In An Instant

We seemed to hang over the fence for a few seconds. I sat, poised above my stallion’s neck while time stood still. Finally we hit the ground and the arena erupted into a deafening cacophony of screaming and stomping feet. Suddenly, my horse, In An Instant, tripped, throwing me over his shoulder into a colorful jump with cows next to it. I heard Instant slam into the ground next to me and the arena dropped into gasps and screams.
“Instant…” I muttered, and blacked out.
I woke up in a hospital bed. At first I thought I was in a flowery meadow with tons of colored balls rolling around, but soon my eyes focused and I realized it was a bunch of bouquets and balloons.
“Mom?” I whimpered.
“Oh Tabby! Thank God! Are you alright? Do you need anything?” mother looked so relieved she had tears in her eyes.
“Whoa slow down! I just woke up… what happened?”
“Well… Instant tripped. We haven’t been able to figure out why. He was fine, except he hasn’t let anyone near him for a month.”
“Wait, a month?!? What the hell why don’t I remember this?!?” I shrieked.
“Well, you’ve been in a coma since the accident. It’s October 12th.”
“Holy s***! Mom the show was September 10th! What the hell is wrong with me?!?”
“Honey, calm down and I’ll explain everything. You were in really bad shape. Super bad concussion, 5 broken ribs, a punctured lung, and a broken wrist. The concussion caused a coma. You had surgery and the lung was fixed and your ribs are healing correctly.”
“What the hell! When can I go home?”
“Well, we have to ask your doctor, but now that you’re awake they have to run a few more tests before you can be released. Hopefully within the next week.”
***

I stepped out of my mom's small blue subaru, wincing as my ribs creaked. I looked around the stable yard, filled with its usual activities. I hesitated, almost getting back in the car.

“Instant is in the back stall of the stallion barn. You know, the one with the attached paddock.” My mom gave me a little shove toward the barn. I made it across the yard without anyone noticing it was me. Entering the stallion barn, my footsteps echoed and it felt as if each step carried me deeper into a void. When I reached the last stall and looked over the door, all I could see was a huge familiar looming shape. I flipped the light switch, and there he was. For a moment I remembered the day I first glimpsed him at a horse auction in Lexington, Kentucky. He pranced like he owned the world, head held high and chocolate brown bay coat glistening underneath the phosphorescent glow of the lights. I had to have him.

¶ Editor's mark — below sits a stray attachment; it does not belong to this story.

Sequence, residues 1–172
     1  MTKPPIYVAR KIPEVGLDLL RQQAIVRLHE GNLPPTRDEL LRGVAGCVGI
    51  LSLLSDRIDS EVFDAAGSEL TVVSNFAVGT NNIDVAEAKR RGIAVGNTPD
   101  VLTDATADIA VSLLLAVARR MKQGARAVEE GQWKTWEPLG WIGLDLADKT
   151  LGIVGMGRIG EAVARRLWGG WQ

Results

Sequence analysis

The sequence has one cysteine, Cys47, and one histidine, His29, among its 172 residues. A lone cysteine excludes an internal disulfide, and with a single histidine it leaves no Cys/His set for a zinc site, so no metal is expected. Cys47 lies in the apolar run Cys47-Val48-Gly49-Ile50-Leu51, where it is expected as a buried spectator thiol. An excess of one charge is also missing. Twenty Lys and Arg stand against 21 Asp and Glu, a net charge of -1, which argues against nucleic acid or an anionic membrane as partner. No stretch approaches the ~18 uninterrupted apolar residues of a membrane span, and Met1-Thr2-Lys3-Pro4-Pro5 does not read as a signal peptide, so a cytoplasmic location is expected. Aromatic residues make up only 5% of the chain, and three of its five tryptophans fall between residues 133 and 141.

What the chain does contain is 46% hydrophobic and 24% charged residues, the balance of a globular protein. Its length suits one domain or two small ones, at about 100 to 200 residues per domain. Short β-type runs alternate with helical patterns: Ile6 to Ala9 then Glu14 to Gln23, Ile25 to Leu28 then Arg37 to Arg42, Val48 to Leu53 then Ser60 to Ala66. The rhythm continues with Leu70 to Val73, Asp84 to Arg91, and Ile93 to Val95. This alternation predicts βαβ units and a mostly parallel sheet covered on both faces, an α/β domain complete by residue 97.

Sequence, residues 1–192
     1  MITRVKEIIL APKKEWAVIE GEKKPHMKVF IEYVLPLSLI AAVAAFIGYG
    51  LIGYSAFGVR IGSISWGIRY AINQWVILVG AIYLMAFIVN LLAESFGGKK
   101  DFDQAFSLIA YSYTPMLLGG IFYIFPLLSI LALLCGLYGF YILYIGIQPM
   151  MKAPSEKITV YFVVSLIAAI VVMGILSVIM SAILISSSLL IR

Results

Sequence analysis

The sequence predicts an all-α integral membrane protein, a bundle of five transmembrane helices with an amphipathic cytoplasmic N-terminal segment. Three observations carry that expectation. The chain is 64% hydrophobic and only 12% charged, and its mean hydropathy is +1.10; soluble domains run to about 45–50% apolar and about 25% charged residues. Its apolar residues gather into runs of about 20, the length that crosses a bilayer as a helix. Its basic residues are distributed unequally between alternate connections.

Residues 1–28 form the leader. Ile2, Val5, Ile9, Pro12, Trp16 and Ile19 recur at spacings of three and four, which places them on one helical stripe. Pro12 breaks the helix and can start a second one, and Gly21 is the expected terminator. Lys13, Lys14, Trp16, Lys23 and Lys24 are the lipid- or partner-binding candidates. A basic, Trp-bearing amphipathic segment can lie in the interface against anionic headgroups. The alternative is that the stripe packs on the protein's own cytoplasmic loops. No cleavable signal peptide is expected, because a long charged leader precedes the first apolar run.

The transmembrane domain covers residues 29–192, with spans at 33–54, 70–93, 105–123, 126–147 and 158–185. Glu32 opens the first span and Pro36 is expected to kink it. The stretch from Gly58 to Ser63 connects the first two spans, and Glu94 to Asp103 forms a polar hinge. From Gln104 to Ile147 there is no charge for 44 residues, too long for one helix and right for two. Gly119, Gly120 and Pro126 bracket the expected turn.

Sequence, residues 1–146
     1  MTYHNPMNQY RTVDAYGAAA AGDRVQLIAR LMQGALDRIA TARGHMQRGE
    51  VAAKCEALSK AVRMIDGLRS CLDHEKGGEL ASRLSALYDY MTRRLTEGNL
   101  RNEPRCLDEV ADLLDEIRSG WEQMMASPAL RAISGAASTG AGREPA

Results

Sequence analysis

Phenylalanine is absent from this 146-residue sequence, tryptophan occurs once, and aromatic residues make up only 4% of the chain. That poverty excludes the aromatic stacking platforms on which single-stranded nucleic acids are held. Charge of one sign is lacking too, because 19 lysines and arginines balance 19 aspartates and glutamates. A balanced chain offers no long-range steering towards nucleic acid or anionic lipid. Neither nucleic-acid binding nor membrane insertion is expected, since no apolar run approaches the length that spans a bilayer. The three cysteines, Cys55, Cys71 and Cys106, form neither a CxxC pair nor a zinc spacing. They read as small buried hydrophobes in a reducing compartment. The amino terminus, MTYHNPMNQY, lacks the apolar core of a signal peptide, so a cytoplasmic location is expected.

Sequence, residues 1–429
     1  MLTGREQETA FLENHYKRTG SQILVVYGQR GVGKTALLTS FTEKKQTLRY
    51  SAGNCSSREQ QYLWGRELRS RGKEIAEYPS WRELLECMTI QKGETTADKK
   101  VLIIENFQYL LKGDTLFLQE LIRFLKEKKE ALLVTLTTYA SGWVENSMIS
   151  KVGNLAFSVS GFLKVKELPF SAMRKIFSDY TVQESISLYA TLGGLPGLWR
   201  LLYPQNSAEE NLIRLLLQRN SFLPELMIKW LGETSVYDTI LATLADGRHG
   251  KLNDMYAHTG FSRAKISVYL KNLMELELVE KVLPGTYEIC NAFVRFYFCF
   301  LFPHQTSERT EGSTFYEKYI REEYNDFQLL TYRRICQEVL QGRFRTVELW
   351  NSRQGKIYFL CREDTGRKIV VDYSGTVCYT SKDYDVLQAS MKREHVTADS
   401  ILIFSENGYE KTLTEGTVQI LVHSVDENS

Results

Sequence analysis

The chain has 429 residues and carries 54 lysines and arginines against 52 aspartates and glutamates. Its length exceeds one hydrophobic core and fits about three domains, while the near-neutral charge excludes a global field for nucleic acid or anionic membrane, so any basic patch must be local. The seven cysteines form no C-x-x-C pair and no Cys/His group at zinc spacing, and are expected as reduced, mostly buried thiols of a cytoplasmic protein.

I looked again, and could tell something was wrong. He was backed up against the wall, eyes showing white, head high and a sweat sheen along his flanks and chest. I unlatched the door and stepped onto the soiled wood shavings.

“Hey boy. How’re you holding up?” I whispered. He answered by waving and making loud snorting noises. I know it sounds kind of funny, but I promise you, seeing a horse act like that is scary as hell.

“It’s okay, it’s only me.” He flung his head higher and rolled his eyes into his head. I took a step forward, and he shot out the door into the attached paddock like he was flung from a cannon. I felt a flood of tears coming on and sat heavily onto the floor, putting my head into my hands. I heard the latch on the stall door click, and soft footsteps.

“Hey Tabs.” I looked up and shrieked, flinging myself into my best friend Badger’s arms. Immediately I gasped.

“S*** the ribs! The ribs!” I fought for my breath, the pain coursing through every inch of my body.

“Oh my god I’m soo sorry!” Badger apologized frantically.

“Its fine I totally forgot about them. Damn things are almost healed.” I huffed.

“Argh they should get better now!” He narrowed his eyes.

“Right? It’s bugging the crap outta me.” I shrugged. We laughed and sat down, our backs against the door.

The next day I arrived at Instant’s stall with a bran mash, made of beet pulp, apples, carrots, molasses, and oats. I placed it in the doorway to his pen outside. I then sat right inside the stall door to the hallway. Instant would dash in and take a few nibbles, see me move a millimeter, and take off. Eventually he stopped this and finished the mash.